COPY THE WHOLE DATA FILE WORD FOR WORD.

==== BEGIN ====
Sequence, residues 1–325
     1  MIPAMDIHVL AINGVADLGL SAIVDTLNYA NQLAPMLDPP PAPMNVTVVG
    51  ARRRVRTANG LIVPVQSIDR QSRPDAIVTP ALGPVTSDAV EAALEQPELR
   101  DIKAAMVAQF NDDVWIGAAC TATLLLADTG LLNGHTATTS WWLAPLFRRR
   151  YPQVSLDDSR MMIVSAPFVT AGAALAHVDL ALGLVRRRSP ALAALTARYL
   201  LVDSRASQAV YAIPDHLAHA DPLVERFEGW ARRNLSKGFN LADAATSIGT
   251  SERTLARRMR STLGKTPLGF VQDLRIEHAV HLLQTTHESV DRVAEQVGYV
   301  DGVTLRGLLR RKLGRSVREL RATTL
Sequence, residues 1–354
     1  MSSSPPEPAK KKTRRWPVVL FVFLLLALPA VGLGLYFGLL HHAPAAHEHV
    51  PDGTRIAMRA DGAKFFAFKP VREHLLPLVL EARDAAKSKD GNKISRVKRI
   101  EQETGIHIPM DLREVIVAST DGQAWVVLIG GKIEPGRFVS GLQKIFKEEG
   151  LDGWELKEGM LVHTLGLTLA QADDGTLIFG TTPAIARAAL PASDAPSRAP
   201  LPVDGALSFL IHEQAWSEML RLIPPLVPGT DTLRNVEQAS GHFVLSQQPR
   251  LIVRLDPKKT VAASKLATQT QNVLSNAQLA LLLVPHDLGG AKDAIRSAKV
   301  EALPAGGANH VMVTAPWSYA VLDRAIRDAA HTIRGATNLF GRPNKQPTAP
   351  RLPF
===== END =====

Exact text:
Sequence, residues 1–325
     1  MIPAMDIHVL AINGVADLGL SAIVDTLNYA NQLAPMLDPP PAPMNVTVVG
    51  ARRRVRTANG LIVPVQSIDR QSRPDAIVTP ALGPVTSDAV EAALEQPELR
   101  DIKAAMVAQF NDDVWIGAAC TATLLLADTG LLNGHTATTS WWLAPLFRRR
   151  YPQVSLDDSR MMIVSAPFVT AGAALAHVDL ALGLVRRRSP ALAALTARYL
   201  LVDSRASQAV YAIPDHLAHA DPLVERFEGW ARRNLSKGFN LADAATSIGT
   251  SERTLARRMR STLGKTPLGF VQDLRIEHAV HLLQTTHESV DRVAEQVGYV
   301  DGVTLRGLLR RKLGRSVREL RATTL
Sequence, residues 1–354
     1  MSSSPPEPAK KKTRRWPVVL FVFLLLALPA VGLGLYFGLL HHAPAAHEHV
    51  PDGTRIAMRA DGAKFFAFKP VREHLLPLVL EARDAAKSKD GNKISRVKRI
   101  EQETGIHIPM DLREVIVAST DGQAWVVLIG GKIEPGRFVS GLQKIFKEEG
   151  LDGWELKEGM LVHTLGLTLA QADDGTLIFG TTPAIARAAL PASDAPSRAP
   201  LPVDGALSFL IHEQAWSEML RLIPPLVPGT DTLRNVEQAS GHFVLSQQPR
   251  LIVRLDPKKT VAASKLATQT QNVLSNAQLA LLLVPHDLGG AKDAIRSAKV
   301  EALPAGGANH VMVTAPWSYA VLDRAIRDAA HTIRGATNLF GRPNKQPTAP
   351  RLPF